The euro short-term rate (€STR) is the euro overnight money market interest rate
The €STR has moved within the range -0.583 and -0.511 since its launch on 2 October 2019. It stood at -0.570 on 29 March 2021. Since October 2019, trading volumes have mainly been between €30 and €50 billion per trading day.
31 March 2021
The euro short-term rate (€STR) is a benchmark rate that reflects the unsecured overnight borrowing costs in euro of major euro area banks. As the replacement for the euro overnight index average (EONIA), the €STR is expected to be used as a basis for many kinds of financial contracts.
The European Central Bank (ECB) is the administrator of the €STR and is responsible overall for the determination of the rate as established in Guideline ECB/2019/19.
The €STR is calculated on the basis of actual money market transactions in which euro area banks receive overnight deposits from financial corporations, including both banks and non-banks. The data are based on daily ECB money market statistical reporting, which ensures a uniform methodology and enables harmonised statistics to be published for the euro area.
Between its launch in October 2019 and March 2020, the €STR was fairly stable, with only minor daily changes due to market activities. At the beginning of March 2020, the €STR increased and remained elevated for around a month. It then fell and has since moved downwards overall, with a few temporary fluctuations (see Chart 1).
To minimise the impact of outliers on the €STR, all interest rates below the 25th percentile and above the 75th percentile based on transaction volumes are removed from the calculation. To provide a transparent picture of the variation in interest rates on the underlying transactions, the interest rates at the 25th and 75th percentiles are also published daily.
On average, the rates at the 25th and 75th percentiles have been around -0.57% and -0.53% respectively.
Chart 1. Evolution of €STR interest rates since its launch on 2 October 2019 (percentages)
|■||25th percentile||■||€STR||■||75th percentile|
Source: ECB statistics.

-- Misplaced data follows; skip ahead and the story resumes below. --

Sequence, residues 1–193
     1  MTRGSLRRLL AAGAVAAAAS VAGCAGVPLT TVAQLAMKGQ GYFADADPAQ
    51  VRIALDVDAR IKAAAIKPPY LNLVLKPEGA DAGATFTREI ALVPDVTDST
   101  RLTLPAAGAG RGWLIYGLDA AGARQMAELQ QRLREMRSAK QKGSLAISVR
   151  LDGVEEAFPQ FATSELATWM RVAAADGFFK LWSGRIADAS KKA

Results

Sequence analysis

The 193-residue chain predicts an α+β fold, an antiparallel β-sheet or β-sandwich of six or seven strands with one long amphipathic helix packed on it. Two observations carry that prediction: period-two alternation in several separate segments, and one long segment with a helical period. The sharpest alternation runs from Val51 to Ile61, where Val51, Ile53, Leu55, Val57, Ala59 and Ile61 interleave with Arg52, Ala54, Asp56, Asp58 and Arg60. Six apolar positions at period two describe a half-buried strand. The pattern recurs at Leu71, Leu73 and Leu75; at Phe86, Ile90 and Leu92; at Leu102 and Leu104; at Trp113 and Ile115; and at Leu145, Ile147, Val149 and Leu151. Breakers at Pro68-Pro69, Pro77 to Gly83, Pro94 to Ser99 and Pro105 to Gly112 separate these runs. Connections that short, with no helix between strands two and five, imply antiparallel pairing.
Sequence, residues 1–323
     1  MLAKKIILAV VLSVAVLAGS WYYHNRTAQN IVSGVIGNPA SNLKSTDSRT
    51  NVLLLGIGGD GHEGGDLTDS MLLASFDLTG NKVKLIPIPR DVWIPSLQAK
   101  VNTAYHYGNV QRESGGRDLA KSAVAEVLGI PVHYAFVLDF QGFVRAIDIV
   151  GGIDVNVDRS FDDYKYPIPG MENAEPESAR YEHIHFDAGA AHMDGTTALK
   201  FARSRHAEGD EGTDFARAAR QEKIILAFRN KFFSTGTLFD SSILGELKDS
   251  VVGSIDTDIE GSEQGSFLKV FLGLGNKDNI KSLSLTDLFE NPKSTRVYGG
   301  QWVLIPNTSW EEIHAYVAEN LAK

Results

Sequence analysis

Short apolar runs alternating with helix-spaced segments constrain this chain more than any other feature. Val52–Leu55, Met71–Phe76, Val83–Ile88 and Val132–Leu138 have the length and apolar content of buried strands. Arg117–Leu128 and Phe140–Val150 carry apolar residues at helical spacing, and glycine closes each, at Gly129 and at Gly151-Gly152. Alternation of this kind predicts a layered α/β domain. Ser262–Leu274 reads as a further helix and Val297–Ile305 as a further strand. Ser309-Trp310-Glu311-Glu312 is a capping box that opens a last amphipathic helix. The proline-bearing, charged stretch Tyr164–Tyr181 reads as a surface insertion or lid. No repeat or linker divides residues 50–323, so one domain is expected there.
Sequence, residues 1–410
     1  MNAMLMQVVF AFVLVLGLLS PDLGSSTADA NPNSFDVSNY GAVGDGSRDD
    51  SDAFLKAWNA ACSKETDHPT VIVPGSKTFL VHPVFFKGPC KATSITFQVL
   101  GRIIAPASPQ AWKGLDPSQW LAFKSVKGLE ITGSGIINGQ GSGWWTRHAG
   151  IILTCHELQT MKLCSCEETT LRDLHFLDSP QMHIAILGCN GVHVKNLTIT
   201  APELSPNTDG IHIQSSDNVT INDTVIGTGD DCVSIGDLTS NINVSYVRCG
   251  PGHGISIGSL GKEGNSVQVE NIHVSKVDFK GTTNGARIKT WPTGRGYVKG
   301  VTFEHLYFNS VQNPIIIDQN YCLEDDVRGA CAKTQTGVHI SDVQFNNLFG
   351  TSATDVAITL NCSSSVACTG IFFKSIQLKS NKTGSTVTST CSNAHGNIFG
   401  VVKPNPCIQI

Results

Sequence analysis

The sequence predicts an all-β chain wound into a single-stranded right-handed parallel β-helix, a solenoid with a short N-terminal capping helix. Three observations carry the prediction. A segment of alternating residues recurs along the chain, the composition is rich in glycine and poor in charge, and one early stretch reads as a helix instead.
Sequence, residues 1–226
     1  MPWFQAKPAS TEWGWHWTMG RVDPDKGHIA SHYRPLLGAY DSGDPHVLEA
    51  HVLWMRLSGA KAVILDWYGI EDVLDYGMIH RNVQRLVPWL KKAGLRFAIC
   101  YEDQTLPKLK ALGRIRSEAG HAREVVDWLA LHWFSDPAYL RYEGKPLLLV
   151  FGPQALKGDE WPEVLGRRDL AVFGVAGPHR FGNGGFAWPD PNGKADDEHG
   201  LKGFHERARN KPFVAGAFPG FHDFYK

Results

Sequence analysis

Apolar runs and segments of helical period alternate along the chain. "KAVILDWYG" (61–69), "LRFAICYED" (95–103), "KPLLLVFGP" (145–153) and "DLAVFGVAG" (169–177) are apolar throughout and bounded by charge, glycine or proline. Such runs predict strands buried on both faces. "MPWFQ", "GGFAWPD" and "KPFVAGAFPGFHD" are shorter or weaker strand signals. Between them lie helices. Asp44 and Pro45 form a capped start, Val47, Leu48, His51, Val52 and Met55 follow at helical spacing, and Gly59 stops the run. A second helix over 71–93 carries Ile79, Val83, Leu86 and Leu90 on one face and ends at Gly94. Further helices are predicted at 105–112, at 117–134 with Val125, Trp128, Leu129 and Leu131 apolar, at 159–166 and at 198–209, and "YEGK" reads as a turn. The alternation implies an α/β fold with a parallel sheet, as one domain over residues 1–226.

For the first five months following its introduction, the volume of transactions used to calculate the €STR remained broadly stable, averaging around €32 billion per day over the period between 1 October 2019 and 28 February 2020, although there was a seasonal dip during the holiday period in late December and early January. The period since March 2020 has been slightly more volatile. The volume of daily transactions has generally increased relative to the earlier period, reaching a peak of €59 billion in April 2020.
On average, the five largest banks have accounted for around 54% of the total daily volume of transactions since 2 October 2019. This proportion has been relatively stable over time.
To ensure transparency, the daily transaction volumes used to calculate the €STR are published on the ECB’s website.
The euro short-term rate (€STR) was introduced on 2 October 2019 as a new unsecured overnight interest rate for the euro money markets. The €STR is designed to reflect how much a bank must pay when borrowing money overnight from other banks and financial institutions without providing collateral (this type of borrowing is referred to as “unsecured”).
As an interest rate benchmark or reference rate, the €STR is expected to play an important role both in the financial and banking system and in the economy as a whole. It provides a useful basis for all kinds of financial contracts, particularly in derivatives markets.
The €STR is gradually replacing the euro overnight index average (EONIA). While EONIA is an interbank lending rate, the €STR is based on borrowing transactions with a wider set of financial counterparties (not only banks). These transactions are reported under the Money Market Statistical Reporting (MMSR) Regulation (Regulation ECB/2014/48). The design and implementation of the €STR are intended to be consistent with international best practices as set out in the International Organization of Securities Commissions (IOSCO) Principles for Financial Benchmarks.
The wider set of counterparties compared with EONIA ensures that the €STR captures an active market and thus provides a robust reflection of the interest rate applied to unsecured overnight borrowing in the euro area. Since 2 October 2019, EONIA has been calculated by adding a spread of 8.5 basis points to the €STR. This EONIA rate will no longer be published after 3 January 2022.
How is the €STR calculated?
The €STR is published on each TARGET2 business day based on transactions in overnight unsecured fixed rate deposits. It is calculated as a volume-weighted trimmed mean rounded to three decimal places. This is done by: (i) ordering transactions over €1 million from the lowest rate to the highest rate; (ii) aggregating the transactions occurring at each rate level; (iii) removing the top and bottom 25% in volume terms; and (iv) calculating the mean of the remaining 50% of the volume-weighted distribution of rates.